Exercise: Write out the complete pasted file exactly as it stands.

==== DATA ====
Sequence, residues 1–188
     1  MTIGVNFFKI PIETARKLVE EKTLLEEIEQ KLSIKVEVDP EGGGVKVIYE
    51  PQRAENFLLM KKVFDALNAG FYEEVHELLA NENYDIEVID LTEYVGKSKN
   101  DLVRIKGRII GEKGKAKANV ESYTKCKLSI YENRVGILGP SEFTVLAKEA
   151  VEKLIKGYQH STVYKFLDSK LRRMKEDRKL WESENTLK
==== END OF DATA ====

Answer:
Sequence, residues 1–188
     1  MTIGVNFFKI PIETARKLVE EKTLLEEIEQ KLSIKVEVDP EGGGVKVIYE
    51  PQRAENFLLM KKVFDALNAG FYEEVHELLA NENYDIEVID LTEYVGKSKN
   101  DLVRIKGRII GEKGKAKANV ESYTKCKLSI YENRVGILGP SEFTVLAKEA
   151  VEKLIKGYQH STVYKFLDSK LRRMKEDRKL WESENTLK